PublicationAs a creative artist, getting your work in front of as many eyeballs as possible is a huge portion of what you need to do to move from “starving artist” to “working professional” and for some, to “sought after and brand sponsored superstar.” (Of course, I use the term ‘superstar’ relatively, as we are ‘mere’ photographers after all…)

Being the Managing Editor of SLR Lounge, I get asked quite a bit, “How do I get my work featured in an online publication?” First of all, do you want your work to be featured in an online publication? The answer to that should be, YES! Why? We want our work to be seen, don’t we? If our work is seen, then we book more clients, build our businesses and sometimes, will be sought after by companies who want to sponsor us and use our products. And be honest, the attention isn’t too shabby either, right?

From Mauna Kea Heavens by Sean Goebel – After being featured on SLR Lounge, Sean was contacted by major companies such as  Canon, The Discovery Channel, and IMAX, who were interested in contracting him to generate additional content for them.

In the Internet age we currently live in, even a good mugshot can go viral and open up doors of opportunity, so why not your work? We’ve featured numerous photographers that have gone on to launch their careers, leaving us little people behind, haha. Just yesterday, I received this email from a photographer I interviewed earlier this year:

…because of the article you took a chance on and did of me, I now have a gallery in a national museum in Washington DC. Just want to say thank you!

And the day before that:

Since we were featured on SLR Lounge, we have seen thousands and thousands of referrals.  That URL ranks in the top 20 nearly monthly since its publication for referrals  Thank you!

So, how do you get your work noticed and featured in publications such as SLR Lounge? I don’t have a surefire formula to get you there, but I do have 5 quick tips that will definitely help you get closer to that goal.

1. Produce Amazing Work/Do Something Remarkable

You’re probably thinking, “Well, duh.” But you’d be surprised. I see a lot of submissions each week through my inbox, on Behance, 500px, and Flickr. I see some really awful work and I see some pretty good work, but if your work doesn’t stand out, it’s going to pass right by. I’ve seen a million lovely (and not so lovely) wedding photos/portraits/landscape/ timelapses, and most of those look the same as the last 4 portfolios I looked at.

What makes your work different from the rest? I’m looking for something that I would share with my own family and friends on social media. And if you’re shooting, posing, and processing your images just like everyone else, it’s time to get creative, change it up and take some risks!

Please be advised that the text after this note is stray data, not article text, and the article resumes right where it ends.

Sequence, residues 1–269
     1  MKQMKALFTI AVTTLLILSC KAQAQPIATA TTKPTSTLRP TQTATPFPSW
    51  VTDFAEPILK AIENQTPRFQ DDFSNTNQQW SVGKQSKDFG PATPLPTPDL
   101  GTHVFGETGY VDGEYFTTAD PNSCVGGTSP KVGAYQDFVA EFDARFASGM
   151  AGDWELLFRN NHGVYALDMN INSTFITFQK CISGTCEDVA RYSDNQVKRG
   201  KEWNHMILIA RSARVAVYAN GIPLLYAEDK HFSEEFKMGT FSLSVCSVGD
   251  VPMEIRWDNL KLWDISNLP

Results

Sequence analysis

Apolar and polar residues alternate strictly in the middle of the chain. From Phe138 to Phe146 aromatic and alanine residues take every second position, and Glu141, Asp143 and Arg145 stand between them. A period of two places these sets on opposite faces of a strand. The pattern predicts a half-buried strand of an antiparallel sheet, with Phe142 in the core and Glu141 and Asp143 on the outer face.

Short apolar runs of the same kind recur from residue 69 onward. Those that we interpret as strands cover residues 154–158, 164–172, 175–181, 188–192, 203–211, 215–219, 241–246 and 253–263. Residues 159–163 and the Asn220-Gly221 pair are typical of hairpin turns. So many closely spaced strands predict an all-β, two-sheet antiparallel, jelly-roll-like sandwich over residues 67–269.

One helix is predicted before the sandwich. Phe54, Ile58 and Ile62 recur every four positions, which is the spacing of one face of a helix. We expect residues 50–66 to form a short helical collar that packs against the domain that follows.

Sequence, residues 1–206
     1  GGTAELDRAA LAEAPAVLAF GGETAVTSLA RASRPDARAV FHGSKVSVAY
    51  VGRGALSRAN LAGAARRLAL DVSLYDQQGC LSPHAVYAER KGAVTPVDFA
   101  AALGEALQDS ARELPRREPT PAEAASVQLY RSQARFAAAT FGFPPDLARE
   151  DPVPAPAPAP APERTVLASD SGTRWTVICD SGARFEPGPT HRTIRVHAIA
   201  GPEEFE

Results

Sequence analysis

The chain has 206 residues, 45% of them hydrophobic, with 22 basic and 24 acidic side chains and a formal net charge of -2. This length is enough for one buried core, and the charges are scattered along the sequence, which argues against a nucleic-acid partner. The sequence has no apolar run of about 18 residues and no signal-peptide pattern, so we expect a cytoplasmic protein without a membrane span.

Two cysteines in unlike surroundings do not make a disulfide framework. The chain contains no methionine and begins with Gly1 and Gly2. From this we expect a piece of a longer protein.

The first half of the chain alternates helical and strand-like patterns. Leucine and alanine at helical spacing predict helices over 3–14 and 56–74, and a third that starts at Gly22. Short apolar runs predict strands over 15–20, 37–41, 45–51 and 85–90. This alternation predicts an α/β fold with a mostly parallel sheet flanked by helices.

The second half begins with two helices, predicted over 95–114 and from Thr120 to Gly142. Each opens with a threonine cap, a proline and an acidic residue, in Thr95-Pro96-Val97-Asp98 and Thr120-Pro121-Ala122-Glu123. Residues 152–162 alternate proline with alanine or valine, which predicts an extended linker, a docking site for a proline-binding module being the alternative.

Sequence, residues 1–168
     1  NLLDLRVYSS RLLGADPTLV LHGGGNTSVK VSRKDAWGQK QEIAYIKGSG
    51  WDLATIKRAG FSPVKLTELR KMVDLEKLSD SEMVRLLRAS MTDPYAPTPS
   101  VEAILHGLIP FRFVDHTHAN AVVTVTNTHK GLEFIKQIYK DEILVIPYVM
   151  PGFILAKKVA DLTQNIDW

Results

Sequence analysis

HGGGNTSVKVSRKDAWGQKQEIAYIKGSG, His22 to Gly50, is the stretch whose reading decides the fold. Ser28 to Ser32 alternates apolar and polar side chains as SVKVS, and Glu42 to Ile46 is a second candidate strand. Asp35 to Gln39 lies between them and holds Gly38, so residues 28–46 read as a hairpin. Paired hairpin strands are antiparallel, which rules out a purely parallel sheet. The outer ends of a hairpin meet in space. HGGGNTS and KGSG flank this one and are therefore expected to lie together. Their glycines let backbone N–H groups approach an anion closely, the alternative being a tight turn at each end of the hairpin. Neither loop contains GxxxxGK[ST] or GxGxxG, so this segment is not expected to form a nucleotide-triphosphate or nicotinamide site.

Milky Pin-ups by  Jaroslav Wieczorkiewicz of Aurum Light
Milky Pin-ups by Jaroslav Wieczorkiewicz of Aurum Light – One of my favorite and most viral articles here on SLR Lounge. He used high speed photography to freeze milk to make them look like dresses.

Bonus Tip: If your work is not so great, well then watch some tutorials, go practice and improve! I’m a firm believer that practice, patience and persistence are the keys to success in any field. To get you started on some tutorials, of course, I’m going to recommend the SLR Lounge Workshop DVDs – from how to photograph newborns to posing couples in natural light to HDR, if you really want to improve, start here.

2. Put Yourself Out There

I only have so many hours in a day between writing, editing, mom-ing and sleeping. I scour the Internet as often as I can to find awesome photographers, but sometimes, you’ve got to come to me. Aspiring singers, for example, pound the pavement, sing at open mike nights, send out demos, go to voice lessons and put themselves out there all in the hopes of getting in front of the right people and be noticed. The same goes for a photographer. You have to hustle. No one is going to promote your work for you initially (unless you hire someone to or have already built a solid base of raving fans).

Don’t let fear hold you back, the worst I (or anyone) can say is no and I try to do it as nicely as possible. If you get rejected, try, try again. Walt Disney was fired from a newspaper because his editor said “he lacked imagination and had no good ideas.” Oops! As I said before, I get submissions daily, so I really only have a minute or so to spend on each one. Something will need to jump out at me for me to stop and want to find out more.

And please remember, if you get a ‘no,’ it may not necessarily mean your work isn’t good, it may not be quite right for us at that time – maybe we already featured 3 astro timelapses that week – or it could just be really bad (just kidding).